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Voluntary Association for the Protection of the Environment of Domed Anchung Sengge Namzong

Abstract

In 2003, the 1347 Tibetan residents of Tserangding, a cluster of 13 hamlets in Gonjo County, Chamdo prefecture, Tibet Autonomous Prefecture, China established a community organization called the"Voluntary association for the protection of the environment of Domed Anchung Sengge Namzong.” Gonjo County is an area extraordinarily rich in biodiversity, and ishome to endangered and threatened species such as the black necked crane, blue sheep, musk deer, gazelle, lynx, fox, brown bear, etc. The community association focused on environmental conservation with and through the preservation and enrichment of Tibetan culture, which is closely interlinked with Tibetan Buddhism.  The association lasted until 2009.
           
The villagers of the association initiated and implemented, by themselves, a broad range of activities to protect the environment, including planting more than half a million trees on their own initiative, patrolling and preventing outsiders from coming to village lands to hunt and fish, monitoring wildlife numbers, cleaning up garbage, and environmental education activities including village environmental essay contests, and environmental skits and games at their yearly summer festival.  One of the groups' projects, which combined the goals of environmental protection and Tibetan education, was an environmental journal that was produced for six years.  This yearly journal was a compilation of Tibetan language selections about the environment ranging from quotes from religious texts to news from the internet, to translations of Chinese law, to the villagers ' own essays, which is then distributed to the villagers to raise awareness and knowledge of the environment.  By making important contemporary issues available in Tibetan, the journal not only reached an audience that was otherwise unable to access information about the environment, but also encouraged a view of Tibetan as being a suitable and useful language for the modern world.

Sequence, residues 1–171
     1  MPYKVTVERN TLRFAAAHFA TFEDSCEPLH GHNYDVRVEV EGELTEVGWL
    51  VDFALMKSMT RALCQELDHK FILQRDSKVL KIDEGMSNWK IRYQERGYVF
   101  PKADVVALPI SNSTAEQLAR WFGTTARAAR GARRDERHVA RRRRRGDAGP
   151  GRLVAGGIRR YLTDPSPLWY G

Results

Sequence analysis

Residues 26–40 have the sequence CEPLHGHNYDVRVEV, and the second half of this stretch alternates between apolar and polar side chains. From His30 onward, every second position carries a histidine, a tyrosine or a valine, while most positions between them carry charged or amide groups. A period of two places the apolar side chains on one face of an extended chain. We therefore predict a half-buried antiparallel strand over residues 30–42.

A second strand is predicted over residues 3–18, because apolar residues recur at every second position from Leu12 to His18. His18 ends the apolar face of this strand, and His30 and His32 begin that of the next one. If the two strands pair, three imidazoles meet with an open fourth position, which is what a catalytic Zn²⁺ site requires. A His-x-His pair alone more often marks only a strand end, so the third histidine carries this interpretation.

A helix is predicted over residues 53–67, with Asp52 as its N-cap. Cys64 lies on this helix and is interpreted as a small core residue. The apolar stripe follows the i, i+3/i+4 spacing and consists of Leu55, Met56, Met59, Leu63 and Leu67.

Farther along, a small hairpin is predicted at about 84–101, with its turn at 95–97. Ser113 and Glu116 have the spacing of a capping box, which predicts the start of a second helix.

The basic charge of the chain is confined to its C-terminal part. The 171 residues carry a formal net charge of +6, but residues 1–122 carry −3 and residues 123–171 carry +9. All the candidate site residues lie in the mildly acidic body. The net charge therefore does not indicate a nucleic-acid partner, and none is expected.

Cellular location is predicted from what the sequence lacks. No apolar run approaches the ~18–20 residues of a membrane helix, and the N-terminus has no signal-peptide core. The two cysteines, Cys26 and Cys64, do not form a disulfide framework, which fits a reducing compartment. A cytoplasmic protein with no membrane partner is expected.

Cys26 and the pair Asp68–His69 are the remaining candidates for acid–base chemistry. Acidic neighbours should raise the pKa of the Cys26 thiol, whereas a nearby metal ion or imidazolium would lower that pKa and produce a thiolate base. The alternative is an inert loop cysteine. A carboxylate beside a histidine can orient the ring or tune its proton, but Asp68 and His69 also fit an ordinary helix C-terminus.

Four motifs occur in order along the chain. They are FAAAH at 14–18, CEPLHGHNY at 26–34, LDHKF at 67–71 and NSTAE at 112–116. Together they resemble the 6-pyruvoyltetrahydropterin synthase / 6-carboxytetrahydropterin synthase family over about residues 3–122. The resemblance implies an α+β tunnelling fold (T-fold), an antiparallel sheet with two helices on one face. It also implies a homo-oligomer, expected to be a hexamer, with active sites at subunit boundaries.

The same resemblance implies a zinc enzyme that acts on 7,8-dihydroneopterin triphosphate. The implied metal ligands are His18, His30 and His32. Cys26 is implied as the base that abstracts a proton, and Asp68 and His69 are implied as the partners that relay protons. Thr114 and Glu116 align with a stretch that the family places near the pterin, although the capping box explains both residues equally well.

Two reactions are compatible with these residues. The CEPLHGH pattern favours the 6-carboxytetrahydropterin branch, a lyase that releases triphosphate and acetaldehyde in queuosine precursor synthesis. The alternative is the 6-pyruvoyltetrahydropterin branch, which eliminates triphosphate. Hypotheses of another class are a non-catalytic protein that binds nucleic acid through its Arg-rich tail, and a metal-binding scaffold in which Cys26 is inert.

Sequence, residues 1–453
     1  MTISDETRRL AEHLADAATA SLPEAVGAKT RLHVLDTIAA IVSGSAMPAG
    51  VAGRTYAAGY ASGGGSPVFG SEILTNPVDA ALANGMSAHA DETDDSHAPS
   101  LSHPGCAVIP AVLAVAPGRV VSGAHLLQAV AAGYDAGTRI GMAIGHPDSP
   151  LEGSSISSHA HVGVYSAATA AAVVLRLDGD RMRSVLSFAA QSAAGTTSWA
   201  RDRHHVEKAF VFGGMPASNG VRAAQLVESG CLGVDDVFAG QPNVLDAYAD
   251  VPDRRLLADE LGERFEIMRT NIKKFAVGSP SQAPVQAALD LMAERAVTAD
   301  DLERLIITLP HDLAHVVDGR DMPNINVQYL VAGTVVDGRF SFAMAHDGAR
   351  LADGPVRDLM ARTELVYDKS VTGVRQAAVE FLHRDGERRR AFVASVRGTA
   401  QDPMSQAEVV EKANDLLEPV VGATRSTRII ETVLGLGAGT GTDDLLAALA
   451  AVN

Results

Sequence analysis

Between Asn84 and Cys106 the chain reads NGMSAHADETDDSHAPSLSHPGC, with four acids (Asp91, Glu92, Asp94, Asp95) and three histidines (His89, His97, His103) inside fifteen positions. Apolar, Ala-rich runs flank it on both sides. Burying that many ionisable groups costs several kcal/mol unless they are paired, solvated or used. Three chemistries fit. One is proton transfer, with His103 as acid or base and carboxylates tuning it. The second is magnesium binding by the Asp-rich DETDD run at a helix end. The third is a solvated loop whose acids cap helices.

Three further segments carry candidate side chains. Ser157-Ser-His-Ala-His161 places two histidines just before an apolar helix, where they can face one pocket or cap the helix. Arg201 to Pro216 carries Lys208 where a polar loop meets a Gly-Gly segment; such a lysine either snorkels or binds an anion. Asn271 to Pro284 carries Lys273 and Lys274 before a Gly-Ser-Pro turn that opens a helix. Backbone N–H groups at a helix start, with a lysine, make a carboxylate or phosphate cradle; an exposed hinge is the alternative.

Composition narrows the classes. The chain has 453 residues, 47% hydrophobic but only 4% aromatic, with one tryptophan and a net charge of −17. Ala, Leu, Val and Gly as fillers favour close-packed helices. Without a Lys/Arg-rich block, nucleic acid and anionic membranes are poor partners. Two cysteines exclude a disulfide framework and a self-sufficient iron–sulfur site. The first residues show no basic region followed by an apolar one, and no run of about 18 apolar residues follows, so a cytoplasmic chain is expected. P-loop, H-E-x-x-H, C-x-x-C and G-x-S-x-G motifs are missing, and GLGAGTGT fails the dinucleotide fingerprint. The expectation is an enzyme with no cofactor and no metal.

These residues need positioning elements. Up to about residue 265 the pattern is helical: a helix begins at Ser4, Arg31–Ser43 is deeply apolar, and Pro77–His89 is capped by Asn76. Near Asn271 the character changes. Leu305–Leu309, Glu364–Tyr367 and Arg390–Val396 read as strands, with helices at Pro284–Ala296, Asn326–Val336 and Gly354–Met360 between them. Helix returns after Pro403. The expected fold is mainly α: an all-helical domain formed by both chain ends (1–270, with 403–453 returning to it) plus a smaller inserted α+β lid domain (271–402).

The association members believe that the concept of environmental protection is not new to Tibetans. Rather, it has been deeply embedded in Tibetan culture for centuries, long before the modern term “environmental protection” was coined. They state, “we didn’t have a separate term, ‘environmental protection,’ but the things we did had that effect.” These were embedded within Buddhist terms referring to the interdependency of “the container and the contained,” snod bcud rten ‘brel, as well as ri rgya sngon khrims, referring to practices of sealing off particular areas, usually sacred mountains, from various uses ranging from hunting and mining to livestock grazing, as well as to specific regulations against hunting. Association members frequently stated that environmental protection is mixed with culture and religion, that they were inseparable, “like blood flowing in a body.” 

Religion

Tibetan Buddhism

Geographic Location

Chamdo, Tibet Autonomous Region, China

Duration of Project 2003-2009
History

The founder of the organization, Rinchen Samdrup, was initially inspired by observing the environmental destruction of the local sacred mountain, including deforestation and littering, in 1997.  After being encouraged in their activities by the visit of another Tibetan environmental group, the villagers voluntarily entered into an association and implemented a set of written rules and regulations to protect wildlife, including fines for fishing, hunting, and logging. The association sought to register as a formal environmental association, but were unable to.

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